1. Not finding help here? Sign up for a free 30min tutor trial with Chegg Tutors
    Dismiss Notice
Dismiss Notice
Join Physics Forums Today!
The friendliest, high quality science and math community on the planet! Everyone who loves science is here!

Balancing Beam

  1. Apr 2, 2017 #1
    1. The problem statement, all variables and given/known data
    In the picture, m1 is 20kg, and the wedge pushes up with a force of 300 N. If the length L1 is 2 meters, solve for m2 and L2.

    2. Relevant equations
    I'm not sure

    3. The attempt at a solution
    The picture shows some sort of beam balancing on a fulcrum that is not centered. On the left side is a mass m1 hanging from the beam. The distance between the fulcrum and the mass is L1. Then on the other side of the fulcrum, the longer side of the beam remaining is L2, and on the other end is m2. The beam is perfectly balanced. I apologize for my lack of skill in physics, but this time, I really have no idea where to begin. I looked up some things about balance beams, but struggled to find anything that indicated how to find the length of the beam. Thanks in advance!
     
  2. jcsd
  3. Apr 2, 2017 #2

    Andrew Mason

    User Avatar
    Science Advisor
    Homework Helper

    What does the 300N upward force tell you about the total weight of the masses and beam? Is the beam mass given?

    AM
     
  4. Apr 2, 2017 #3
    I think that we're supposed to assume that the beam's mass is not enough to actually affect what's going on. I honestly don't know what the wedge pushing up with 300 N means. I figured that we'd have to have a value of force given with the masses hanging on the beam. I've never seen the wedge having an upward force like this in a problem.
     
  5. Apr 2, 2017 #4

    Andrew Mason

    User Avatar
    Science Advisor
    Homework Helper

    If the beam mass is negligible and the forces on the beam are balanced (the upward force by the wedge and the downward gravitational forces sum to 0) what does that tell you about m2?

    AM
     
  6. Apr 2, 2017 #5
    I know that it has to be lighter than M1 or else it would end up pulling the beam down...
     
  7. Apr 2, 2017 #6

    Andrew Mason

    User Avatar
    Science Advisor
    Homework Helper

    Why is the weight of m2 less than m1? All you are saying is that the torque due m2 has to be the same as that produced by m1.

    AM
     
  8. Apr 2, 2017 #7
    Because since the length of the beam is longer on the side of m2, it cannot be heavier. Otherwise, the beam would pull down. If the fulcrum was centered over the beam, they'd be even then...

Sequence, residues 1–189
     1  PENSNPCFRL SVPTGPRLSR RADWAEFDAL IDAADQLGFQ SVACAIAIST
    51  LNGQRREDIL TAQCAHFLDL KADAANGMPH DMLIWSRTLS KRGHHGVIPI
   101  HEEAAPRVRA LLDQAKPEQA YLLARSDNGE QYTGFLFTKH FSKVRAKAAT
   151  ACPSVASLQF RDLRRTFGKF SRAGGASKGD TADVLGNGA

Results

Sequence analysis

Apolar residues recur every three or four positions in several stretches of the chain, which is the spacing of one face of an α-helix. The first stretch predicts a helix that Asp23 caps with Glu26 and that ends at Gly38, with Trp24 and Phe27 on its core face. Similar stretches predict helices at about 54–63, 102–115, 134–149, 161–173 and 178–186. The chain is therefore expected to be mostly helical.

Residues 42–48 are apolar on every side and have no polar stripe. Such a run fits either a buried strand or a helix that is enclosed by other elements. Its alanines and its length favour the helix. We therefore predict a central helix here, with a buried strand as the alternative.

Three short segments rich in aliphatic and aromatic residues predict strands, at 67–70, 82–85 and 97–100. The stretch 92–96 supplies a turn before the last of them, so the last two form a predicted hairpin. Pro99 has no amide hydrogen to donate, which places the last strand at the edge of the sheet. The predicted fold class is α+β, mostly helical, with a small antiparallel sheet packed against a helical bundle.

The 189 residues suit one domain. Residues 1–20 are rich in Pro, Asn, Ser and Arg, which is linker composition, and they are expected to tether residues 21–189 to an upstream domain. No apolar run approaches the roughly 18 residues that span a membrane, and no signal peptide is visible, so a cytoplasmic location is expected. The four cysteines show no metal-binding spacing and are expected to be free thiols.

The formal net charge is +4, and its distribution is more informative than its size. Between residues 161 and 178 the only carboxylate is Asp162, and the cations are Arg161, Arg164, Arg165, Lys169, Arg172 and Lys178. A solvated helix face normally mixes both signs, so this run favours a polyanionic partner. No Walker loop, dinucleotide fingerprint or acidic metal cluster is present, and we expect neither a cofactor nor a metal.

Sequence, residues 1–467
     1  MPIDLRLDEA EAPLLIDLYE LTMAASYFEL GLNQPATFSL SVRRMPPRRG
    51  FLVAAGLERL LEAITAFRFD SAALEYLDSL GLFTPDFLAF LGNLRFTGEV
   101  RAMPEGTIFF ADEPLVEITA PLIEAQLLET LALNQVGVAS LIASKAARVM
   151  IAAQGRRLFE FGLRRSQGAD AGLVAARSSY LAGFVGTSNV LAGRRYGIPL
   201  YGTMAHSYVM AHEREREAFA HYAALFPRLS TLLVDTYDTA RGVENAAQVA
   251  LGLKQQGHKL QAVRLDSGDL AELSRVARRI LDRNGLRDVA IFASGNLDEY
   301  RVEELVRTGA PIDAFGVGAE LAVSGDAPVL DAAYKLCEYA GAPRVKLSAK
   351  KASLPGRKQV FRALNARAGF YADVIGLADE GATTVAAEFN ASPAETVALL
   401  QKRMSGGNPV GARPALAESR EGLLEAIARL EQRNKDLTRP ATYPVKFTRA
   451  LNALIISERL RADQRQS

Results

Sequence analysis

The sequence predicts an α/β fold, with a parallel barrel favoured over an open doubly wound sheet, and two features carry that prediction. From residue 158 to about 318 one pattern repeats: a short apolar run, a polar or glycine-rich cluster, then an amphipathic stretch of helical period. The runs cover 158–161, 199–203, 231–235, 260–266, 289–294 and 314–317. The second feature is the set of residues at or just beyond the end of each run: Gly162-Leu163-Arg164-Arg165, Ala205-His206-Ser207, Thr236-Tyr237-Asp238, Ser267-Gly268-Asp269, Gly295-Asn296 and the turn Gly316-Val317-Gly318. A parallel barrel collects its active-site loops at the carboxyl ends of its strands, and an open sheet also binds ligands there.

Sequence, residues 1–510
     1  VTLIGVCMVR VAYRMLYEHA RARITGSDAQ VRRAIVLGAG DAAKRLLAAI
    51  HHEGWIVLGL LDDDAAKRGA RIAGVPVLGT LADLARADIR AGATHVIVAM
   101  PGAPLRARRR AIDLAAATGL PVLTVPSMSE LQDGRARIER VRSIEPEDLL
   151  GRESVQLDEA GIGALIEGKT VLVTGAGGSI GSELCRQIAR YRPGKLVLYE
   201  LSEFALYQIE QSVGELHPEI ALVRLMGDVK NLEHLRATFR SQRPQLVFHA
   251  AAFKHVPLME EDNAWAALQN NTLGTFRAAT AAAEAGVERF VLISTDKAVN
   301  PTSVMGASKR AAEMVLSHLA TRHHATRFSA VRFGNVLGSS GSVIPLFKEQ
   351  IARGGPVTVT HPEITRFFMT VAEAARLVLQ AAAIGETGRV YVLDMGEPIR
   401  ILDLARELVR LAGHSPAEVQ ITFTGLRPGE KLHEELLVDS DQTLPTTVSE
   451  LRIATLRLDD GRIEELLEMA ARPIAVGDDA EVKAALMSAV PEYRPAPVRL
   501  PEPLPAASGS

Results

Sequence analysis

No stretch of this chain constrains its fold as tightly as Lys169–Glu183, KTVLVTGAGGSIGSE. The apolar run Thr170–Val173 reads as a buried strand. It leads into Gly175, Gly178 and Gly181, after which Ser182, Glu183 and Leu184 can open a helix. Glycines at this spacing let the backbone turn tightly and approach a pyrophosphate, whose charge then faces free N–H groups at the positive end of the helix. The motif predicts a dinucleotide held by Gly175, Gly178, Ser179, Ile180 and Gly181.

9. Apr 2, 2017 #8

    Andrew Mason

    User Avatar
    Science Advisor
    Homework Helper

    There are two things you have to work out. First is total mass. Second is the torque. How are you determining each?

    AM
     
  10. Apr 2, 2017 #9
    That's the problem, I don't know how to do either. I know that the angle is 0 degrees, so that makes finding torque a little bit easier, maybe... sin(0) is 0, which would mean that the torque wouldn't exist, unless I'm missing something there. Other than that, I know that the distance from the fulcrum to m1 is 2m. I could plug that in for the radius and the 300 N for the force, but would that be right?
     
  11. Apr 2, 2017 #10

    Andrew Mason

    User Avatar
    Science Advisor
    Homework Helper

    To find the mass of m2 do a free-body diagram. What is the upward force?(hint:there is only one point where an upward force can be applied). Is the beam accelerating? So what is the total downward force? (Hint: what do all the forces sum to?). How much downward force is provided by m1? So how much is provided by m2?

    Once you find m2, we can then look at torque about the pivot point. What do the torques sum to? (Hint: if there is a net torque what would happen to the beam?)

    AM
     
  12. Apr 2, 2017 #11
    Oh, I see what you're saying. The upward force is 300N, coming from the fulcrum. The downward force also has to be 300N, coming from the weights of both m1 and m2. Since m1 is 20kg, I would multiply gravity (our professor has us use 10) by 20. That would give me a force of 200N. Which means that the other mass needs a force of 100N, which means it must be 10kg. Is that correct so far? Then I could move on to finding the other length of the beam, which I'm still not sure how to do, but I'll feel more confident attempting it if I know I at least got the mass right.
     
  13. Apr 2, 2017 #12

    Andrew Mason

    User Avatar
    Science Advisor
    Homework Helper

    Good! Now you have to determine tbe torque (about the fulcrum) from each mass. Can you express the torque from each mass (hint: what is the net torque on the beam if it is balanced?).

    AM
     
  14. Apr 2, 2017 #13
    OHHHH! The angle at which they're acting to the beam is 90 degrees. Sin of 90 degrees is 1, which means I simply need to set them equal to something since the beam isn't moving. Isn't the net torque if the beam is balanced 0? If that was the case, I would get the answer that the radius equals zero, which I know cannot be right..
     
  15. Apr 2, 2017 #14

    Andrew Mason

    User Avatar
    Science Advisor
    Homework Helper

    ??... What is the mathematical expression for torque? Express the torque from m1 about the fulcrum. What about m2? Be careful about signs.

    AM
     
Know someone interested in this topic? Share this thread via Reddit, Google+, Twitter, or Facebook

Have something to add?
Draft saved Draft deleted



Similar Discussions: Balancing Beam
  1. Balance beam (Replies: 4)

  2. Balance beam (Replies: 2)

  3. Balance beam help? (Replies: 3)

Loading...